When people realise that one GP has a more diverse investment team than another, yet their returns have – at the very least – not suffered, that will make them ask how they too can do the same" – Sunaina Sinha, Cebile Capital

From the employee's point of view, Kolade says they should consider how to manage what can be a six-month handover period before maternity leave and a six-month period directly afterwards in order to get back up to speed. This, he explains, creates a balance that enables a smooth transition into and out of the maternity leave period, which is to the benefit of the firm, as well as employees' professional and family lives. "Both the firm and employees need to recognise there is a change of pace that needs to occur through that process and, if you consider that, it will work for you."

According to Kolade, firms that foster a team environment at all times – where work can be shared, delegated and handed over smoothly whenever required – will be best placed to retain female talent and ultimately improve their gender diversity ratios. "That involves the professionalisation of the industry," he says. "The old gunslinger model of rainmakers going off and doing their own thing is something we are moving away from, and the further we move away from it the easier this process becomes."

Yet beyond the maternity leave period, Cebile's Sinha says there must be a continuing support and mentoring network available to mothers within the industry: "After I had my children I found it extremely difficult to be the managing partner of my business and remain available to them. It is essential that there is somebody who can mentor new mothers and say: 'Here's how you could do it. Here are the options available to you.' Most women who choose to have children are not able to put in relentless 10-12 hour days at the desk, as some of their male counterparts do. Many will need advice on how to thrive in that type of male dominated culture while also being available to their families."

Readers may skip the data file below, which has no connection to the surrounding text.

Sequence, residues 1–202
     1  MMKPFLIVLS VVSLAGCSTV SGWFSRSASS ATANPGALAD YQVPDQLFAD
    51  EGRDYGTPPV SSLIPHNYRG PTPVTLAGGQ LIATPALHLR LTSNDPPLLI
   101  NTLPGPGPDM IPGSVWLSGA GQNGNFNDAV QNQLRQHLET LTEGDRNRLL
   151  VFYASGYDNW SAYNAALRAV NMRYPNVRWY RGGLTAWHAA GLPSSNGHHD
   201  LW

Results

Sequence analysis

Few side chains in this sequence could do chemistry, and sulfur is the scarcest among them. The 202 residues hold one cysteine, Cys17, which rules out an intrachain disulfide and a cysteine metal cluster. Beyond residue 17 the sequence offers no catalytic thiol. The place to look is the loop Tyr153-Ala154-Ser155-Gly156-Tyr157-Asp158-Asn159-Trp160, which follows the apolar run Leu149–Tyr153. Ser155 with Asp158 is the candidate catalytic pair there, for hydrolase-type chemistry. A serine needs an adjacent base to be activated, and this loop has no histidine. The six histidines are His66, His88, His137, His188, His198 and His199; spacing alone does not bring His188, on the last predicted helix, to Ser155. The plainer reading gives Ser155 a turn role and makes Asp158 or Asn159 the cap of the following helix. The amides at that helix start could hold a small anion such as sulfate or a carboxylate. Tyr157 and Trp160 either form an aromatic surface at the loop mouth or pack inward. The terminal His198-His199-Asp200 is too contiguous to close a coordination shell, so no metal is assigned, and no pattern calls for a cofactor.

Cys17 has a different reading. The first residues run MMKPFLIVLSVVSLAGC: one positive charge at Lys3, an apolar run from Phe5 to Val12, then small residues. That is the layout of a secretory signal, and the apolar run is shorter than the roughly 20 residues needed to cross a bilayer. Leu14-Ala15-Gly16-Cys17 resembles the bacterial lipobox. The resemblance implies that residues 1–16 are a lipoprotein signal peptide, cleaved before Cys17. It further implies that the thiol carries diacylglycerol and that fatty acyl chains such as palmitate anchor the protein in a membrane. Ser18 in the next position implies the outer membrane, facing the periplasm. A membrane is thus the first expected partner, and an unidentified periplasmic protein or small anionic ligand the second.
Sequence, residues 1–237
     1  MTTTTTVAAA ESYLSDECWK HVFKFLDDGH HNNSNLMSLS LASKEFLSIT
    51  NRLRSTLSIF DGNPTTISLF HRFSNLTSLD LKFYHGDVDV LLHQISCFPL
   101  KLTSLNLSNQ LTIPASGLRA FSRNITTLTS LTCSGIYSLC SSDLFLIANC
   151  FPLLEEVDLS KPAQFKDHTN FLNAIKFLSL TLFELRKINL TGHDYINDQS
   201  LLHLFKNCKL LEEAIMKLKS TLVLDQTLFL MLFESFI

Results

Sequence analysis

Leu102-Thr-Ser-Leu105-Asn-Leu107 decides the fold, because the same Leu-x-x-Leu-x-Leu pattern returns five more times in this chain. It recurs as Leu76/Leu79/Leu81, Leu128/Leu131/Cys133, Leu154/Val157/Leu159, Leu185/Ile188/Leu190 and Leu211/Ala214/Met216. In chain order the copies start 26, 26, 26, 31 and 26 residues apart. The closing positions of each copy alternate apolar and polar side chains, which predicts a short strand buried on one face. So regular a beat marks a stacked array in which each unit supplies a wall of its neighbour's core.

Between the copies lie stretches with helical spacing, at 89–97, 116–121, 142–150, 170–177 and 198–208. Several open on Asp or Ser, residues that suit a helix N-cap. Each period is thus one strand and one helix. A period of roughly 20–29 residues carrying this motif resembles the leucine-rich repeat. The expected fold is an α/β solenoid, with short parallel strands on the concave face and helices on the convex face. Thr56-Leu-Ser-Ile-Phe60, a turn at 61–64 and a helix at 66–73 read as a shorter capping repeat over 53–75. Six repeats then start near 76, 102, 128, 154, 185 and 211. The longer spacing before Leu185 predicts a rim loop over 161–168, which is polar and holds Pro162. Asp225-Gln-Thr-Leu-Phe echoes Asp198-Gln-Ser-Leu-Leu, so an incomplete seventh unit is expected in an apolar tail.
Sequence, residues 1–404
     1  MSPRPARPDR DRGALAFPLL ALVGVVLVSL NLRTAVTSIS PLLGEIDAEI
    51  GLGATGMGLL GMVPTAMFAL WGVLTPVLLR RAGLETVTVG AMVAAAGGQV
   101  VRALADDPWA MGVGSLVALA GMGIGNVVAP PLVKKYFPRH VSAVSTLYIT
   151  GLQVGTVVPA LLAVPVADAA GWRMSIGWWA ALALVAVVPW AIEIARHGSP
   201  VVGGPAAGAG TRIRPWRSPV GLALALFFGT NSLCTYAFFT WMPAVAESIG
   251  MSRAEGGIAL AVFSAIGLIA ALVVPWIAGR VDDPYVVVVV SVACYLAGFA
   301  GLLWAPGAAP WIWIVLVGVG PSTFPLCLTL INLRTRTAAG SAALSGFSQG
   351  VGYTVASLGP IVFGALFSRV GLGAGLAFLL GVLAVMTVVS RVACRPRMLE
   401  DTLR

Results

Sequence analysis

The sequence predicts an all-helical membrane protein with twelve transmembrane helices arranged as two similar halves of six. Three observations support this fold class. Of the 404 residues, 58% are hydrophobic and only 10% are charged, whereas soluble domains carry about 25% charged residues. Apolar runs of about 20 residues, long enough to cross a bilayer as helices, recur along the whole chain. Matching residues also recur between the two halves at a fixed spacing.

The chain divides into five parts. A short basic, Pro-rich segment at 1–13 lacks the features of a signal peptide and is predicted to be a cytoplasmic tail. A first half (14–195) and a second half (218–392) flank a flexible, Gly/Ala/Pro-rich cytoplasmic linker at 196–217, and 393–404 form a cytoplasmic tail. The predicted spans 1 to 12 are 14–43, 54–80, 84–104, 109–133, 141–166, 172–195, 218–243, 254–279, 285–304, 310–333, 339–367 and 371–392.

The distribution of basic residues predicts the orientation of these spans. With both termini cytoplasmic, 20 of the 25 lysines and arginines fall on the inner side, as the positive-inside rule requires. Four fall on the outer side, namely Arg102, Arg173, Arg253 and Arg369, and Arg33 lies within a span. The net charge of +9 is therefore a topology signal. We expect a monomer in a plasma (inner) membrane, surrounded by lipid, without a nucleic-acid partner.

On the mentoring front, the aforementioned Level 20 was launched by a group of senior female professionals in September 2015, with a large part of its remit being to provide exactly this. "When we founded Level 20, we recognised that mentoring is something that is badly needed in the private equity industry," says co-founder Steers. "Individual companies – both on the GP and LP front – are often too small to have an in-house mentoring programme in place". This ties in, she explains, with another of the group's founding pillars: networking and education. "We found people wanted to get together and have occasions to speak about what's going on in the industry and hear about things that could be helpful to them in progressing their careers."

Growing awareness